3. Identify safe shelter options in case evacuation is not possible. Consider that hurricanes may cause major flooding and wind damage, so shelter areas must provide protection from both.

When preparing for hurricane season, don't forget about the aftermath

When it comes to hurricanes, the eye of the storm may not be the worst of it; it's often the byproduct of flooding that causes the most devastation. After Hurricane Harvey drenched large portions of Texas for eight days in 2017, rainfall exceeded 60 inches in some locations – 15 inches more than the annual average for eastern Texas and the Texas coast, making it the most significant rainfall event in U.S. history5. At the storm's peak, one-third of Houston was under water, and flooding forced 39,000 people from their homes6.

The aftermath of flooding can threaten to put businesses under water – both literally and figuratively. To prepare your company for the potential effects, take these steps:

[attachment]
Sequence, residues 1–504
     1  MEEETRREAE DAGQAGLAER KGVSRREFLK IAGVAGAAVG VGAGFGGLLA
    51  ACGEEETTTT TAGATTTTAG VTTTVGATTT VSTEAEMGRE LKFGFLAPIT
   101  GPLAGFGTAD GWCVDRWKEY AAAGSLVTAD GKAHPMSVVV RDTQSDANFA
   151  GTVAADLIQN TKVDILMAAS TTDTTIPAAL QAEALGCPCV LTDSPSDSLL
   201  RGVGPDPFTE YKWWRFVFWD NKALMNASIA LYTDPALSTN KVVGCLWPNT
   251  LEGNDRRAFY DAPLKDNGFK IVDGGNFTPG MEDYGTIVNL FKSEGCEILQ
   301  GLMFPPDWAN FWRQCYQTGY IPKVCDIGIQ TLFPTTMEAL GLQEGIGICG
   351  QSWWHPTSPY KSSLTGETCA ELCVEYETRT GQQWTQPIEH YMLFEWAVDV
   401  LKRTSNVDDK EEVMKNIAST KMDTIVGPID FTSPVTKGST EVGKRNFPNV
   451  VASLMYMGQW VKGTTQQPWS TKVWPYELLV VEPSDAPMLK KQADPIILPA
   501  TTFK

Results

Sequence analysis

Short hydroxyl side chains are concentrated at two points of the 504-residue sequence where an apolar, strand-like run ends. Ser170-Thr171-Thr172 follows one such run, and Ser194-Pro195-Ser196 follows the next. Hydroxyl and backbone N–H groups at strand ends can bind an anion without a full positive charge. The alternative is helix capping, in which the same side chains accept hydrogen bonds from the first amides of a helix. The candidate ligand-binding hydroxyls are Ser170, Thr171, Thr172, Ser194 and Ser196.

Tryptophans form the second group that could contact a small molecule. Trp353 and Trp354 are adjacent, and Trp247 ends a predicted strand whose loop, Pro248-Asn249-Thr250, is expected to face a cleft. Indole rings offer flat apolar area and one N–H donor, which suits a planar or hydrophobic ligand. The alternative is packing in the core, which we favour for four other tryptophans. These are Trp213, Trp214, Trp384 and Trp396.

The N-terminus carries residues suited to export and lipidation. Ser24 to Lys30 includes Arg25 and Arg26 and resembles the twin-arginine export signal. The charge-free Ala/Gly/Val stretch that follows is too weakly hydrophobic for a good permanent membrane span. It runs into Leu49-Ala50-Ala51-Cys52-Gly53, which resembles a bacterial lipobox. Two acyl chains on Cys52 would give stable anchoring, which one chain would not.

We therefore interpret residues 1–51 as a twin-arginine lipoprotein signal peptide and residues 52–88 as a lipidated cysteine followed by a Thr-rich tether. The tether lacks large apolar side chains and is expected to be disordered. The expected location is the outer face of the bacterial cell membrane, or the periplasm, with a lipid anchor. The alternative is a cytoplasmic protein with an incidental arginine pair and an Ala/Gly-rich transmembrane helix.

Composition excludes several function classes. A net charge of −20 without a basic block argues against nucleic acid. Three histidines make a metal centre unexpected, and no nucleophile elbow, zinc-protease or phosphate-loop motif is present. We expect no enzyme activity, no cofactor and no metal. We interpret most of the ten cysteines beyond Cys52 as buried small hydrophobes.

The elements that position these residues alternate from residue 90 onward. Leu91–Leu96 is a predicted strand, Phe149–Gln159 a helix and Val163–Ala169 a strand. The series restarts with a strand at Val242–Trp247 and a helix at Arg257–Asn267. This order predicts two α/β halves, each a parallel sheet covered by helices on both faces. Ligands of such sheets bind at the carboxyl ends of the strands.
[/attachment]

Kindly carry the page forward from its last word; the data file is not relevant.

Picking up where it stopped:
1. Determine if your business is located in a flood zone. Consult FEMA's Flood Map Service Center. Monitor storm activity and precipitation predictions, especially in flood-prone areas.

2. Be particularly careful driving in flooded areas. Roughly half of flood fatalities are vehicle-related. According to OSHA's website, "Six inches of standing water is enough to stall some cars, a foot of water can float a vehicle, and two feet of moving water is enough to sweep a car away."7 To ensure fleet safety, it's best to halt all driving amidst flooding.

3. Store or move toxic or hazardous substances above anticipated flood water levels to avoid contaminating flood waters. Work with local authorities on a flood response plan if your business has a large quantity of hazardous material or waste on-site.